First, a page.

Take Me Back OFF-BROADWAY REVIEWS

  • NY TIMES

  • TIME OUT

  • L&S AMERICA

  • BC

  • THEATER PIZZAZZ

Opening Night:
March 12, 2014
Closing:
March 22, 2014

Theater: Walkerspace / 46 Walker Street, New York, NY, 10013

Synopsis: 

After a four-year stint in federal prison, Bill is back at home, living with his diabetic Mom and looking for a way out of Oklahoma. But today's America doesn't give a guy like Bill many options. How far is he willing to go to change his fortune? With a dose of melancholic nostalgia infused with dark humor, Take Me Back examines the impossibility of the American dream when surrounded by nothing but minimum wage Big Box stores and chain restaurants.

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  • NEW YORK TIMES REVIEW OF Take Me Back

    After Prison, Finding Bumps on the Road to Normalcy

    Andy Webster

    March 9, 2014: The word “good” comes up often in Emily Schwend’s incisive Take Me Back, now at Walkerspace, almost always when applied to Bill (James Kautz), an ex-convict living with his mother, Sue (Charlotte Booker), in Muskogee, Okla. She believes in him; after all, he grudgingly dotes on her, urging her to pursue a healthier diet. His high school sweetheart, Julie (Boo Killebrew), has faith in him, too. Married now but disillusioned with her husband, she’s up from Garland, Tex., for her brother’s wedding, and susceptible to the passion that once possessed her and Bill. But Casey (Jay Eisenberg), a young thief, says Bill can never amount to anything good. And she has her reasons as well: Much of Take Me Back hinges on his past and whether he is capable of not repeating it. But mostly this production is about complex emotions coursing under seemingly simple lives.

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  • TIME OUT NEW YORK REVIEW OF Take Me Back

    Take Me Back: Theater review by Helen Shaw

    Helen Shaw

    March 7, 2014: Whatever negatives it has, there is value in Emily Schwend's Take Me Back, a by-the-numbers story told in a clever algorithm. Granted, the play is thick with cliché and riddled with exposition, but it does boast a tidy narrative do-si-do, a dramaturgical gimmick that allows us to first see a scene and only later understand it.

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  • LIGHTING AND SOUND AMERICA REVIEW OF Take Me Back

    Theatre in Review: Take Me Back (Kindling Theatre Company/Walkerspace)

    David Barbour

    March 7, 2014: A young man's life unravels over the course of a single day in Take Me Back, by Emily Schwend, who should be added to your list of names to remember. We are in a kitchen in Muskogee, Oklahoma, belonging to Sue, a school lunch worker in late middle age. Sue is a diabetic, but she can't be bothered to take care of herself; instead, she prefers to while away the day on the couch, soaking up whatever the Game Show Network has to offer and gorging on the candies she has hidden around the house. Her adult son, Bill, attends to her in near-saintly fashion -- shopping for healthy groceries, reminding her that sugar-free cookies are not a good choice, and nudging her to check her blood sugar once a day.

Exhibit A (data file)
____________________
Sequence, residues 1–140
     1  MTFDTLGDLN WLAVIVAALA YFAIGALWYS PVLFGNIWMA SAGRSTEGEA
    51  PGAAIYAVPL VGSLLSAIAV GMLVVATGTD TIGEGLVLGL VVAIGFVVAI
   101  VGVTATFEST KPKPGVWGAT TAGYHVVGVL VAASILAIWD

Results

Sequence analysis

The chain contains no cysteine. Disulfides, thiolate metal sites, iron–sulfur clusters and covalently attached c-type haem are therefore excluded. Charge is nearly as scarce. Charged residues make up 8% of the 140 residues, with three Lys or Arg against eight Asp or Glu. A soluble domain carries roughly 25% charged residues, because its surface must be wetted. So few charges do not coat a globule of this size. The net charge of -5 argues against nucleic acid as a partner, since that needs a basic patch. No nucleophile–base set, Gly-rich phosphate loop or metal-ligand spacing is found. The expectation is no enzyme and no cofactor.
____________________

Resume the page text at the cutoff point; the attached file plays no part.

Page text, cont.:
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  • BLOG CRITICS REVIEW OF Take Me Back

    Theater Review (NYC): ‘Take Me Back’ by Emily Schwend

    Carole Di Tosti

    March 7, 2014: Thomas Wolf said in Look Homeward Angel, that one can never really go home again. This is particularly true for those who have established themselves in careers and have become successful. Not only have they picked themselves up and replanted roots in an environment where they can flourish, they are often loath to associate with their origins especially if the memories are unhappy ones. But what happens to those who have no where else to go? Home isn’t always the place where they have to take you in.

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  • THEATER PIZZAZZ REVIEW OF Take Me Back

    Take Me Back at Walkerspace

    Susan Hasho

    March 9, 2014: Take Me Back is a jewel of a production. Housed in downtown Walkerspace, this darkly humorous new play by Emily Schwend has been beautifully realized by the actors and supported by an obviously gifted director (Jay Stull), with a meticulously conceived set and sound design. This 90-minute play successfully deals with layers of family and social dysfunction in an Oklahoma town by using well-written southern humor and heartfelt revelation to reveal, among other things, how heartbreaking not being able to change or grow can be.

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